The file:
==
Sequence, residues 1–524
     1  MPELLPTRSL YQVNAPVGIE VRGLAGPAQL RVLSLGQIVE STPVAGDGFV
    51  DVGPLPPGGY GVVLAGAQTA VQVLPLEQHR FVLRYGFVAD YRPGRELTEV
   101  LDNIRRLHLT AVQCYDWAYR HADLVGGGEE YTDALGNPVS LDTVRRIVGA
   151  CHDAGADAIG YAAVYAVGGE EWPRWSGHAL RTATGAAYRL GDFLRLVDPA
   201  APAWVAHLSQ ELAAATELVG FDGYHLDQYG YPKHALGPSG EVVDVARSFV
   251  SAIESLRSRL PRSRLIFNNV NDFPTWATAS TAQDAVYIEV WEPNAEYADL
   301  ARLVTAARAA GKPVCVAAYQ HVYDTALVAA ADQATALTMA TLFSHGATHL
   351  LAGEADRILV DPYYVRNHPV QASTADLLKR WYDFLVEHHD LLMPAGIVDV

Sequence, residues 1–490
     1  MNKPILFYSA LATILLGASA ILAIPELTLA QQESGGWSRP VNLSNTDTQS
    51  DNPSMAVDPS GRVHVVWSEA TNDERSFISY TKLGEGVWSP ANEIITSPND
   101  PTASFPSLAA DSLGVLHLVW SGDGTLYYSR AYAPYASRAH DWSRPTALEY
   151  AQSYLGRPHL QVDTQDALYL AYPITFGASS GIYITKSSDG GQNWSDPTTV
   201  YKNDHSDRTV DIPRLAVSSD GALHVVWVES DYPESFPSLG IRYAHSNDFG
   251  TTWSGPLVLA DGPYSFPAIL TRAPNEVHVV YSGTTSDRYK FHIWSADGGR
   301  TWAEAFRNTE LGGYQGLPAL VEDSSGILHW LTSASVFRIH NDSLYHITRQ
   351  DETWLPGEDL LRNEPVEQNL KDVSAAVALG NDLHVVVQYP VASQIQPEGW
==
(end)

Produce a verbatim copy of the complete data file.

Sequence, residues 1–524
     1  MPELLPTRSL YQVNAPVGIE VRGLAGPAQL RVLSLGQIVE STPVAGDGFV
    51  DVGPLPPGGY GVVLAGAQTA VQVLPLEQHR FVLRYGFVAD YRPGRELTEV
   101  LDNIRRLHLT AVQCYDWAYR HADLVGGGEE YTDALGNPVS LDTVRRIVGA
   151  CHDAGADAIG YAAVYAVGGE EWPRWSGHAL RTATGAAYRL GDFLRLVDPA
   201  APAWVAHLSQ ELAAATELVG FDGYHLDQYG YPKHALGPSG EVVDVARSFV
   251  SAIESLRSRL PRSRLIFNNV NDFPTWATAS TAQDAVYIEV WEPNAEYADL
   301  ARLVTAARAA GKPVCVAAYQ HVYDTALVAA ADQATALTMA TLFSHGATHL
   351  LAGEADRILV DPYYVRNHPV QASTADLLKR WYDFLVEHHD LLMPAGIVDV

Sequence, residues 1–490
     1  MNKPILFYSA LATILLGASA ILAIPELTLA QQESGGWSRP VNLSNTDTQS
    51  DNPSMAVDPS GRVHVVWSEA TNDERSFISY TKLGEGVWSP ANEIITSPND
   101  PTASFPSLAA DSLGVLHLVW SGDGTLYYSR AYAPYASRAH DWSRPTALEY
   151  AQSYLGRPHL QVDTQDALYL AYPITFGASS GIYITKSSDG GQNWSDPTTV
   201  YKNDHSDRTV DIPRLAVSSD GALHVVWVES DYPESFPSLG IRYAHSNDFG
   251  TTWSGPLVLA DGPYSFPAIL TRAPNEVHVV YSGTTSDRYK FHIWSADGGR
   301  TWAEAFRNTE LGGYQGLPAL VEDSSGILHW LTSASVFRIH NDSLYHITRQ
   351  DETWLPGEDL LRNEPVEQNL KDVSAAVALG NDLHVVVQYP VASQIQPEGW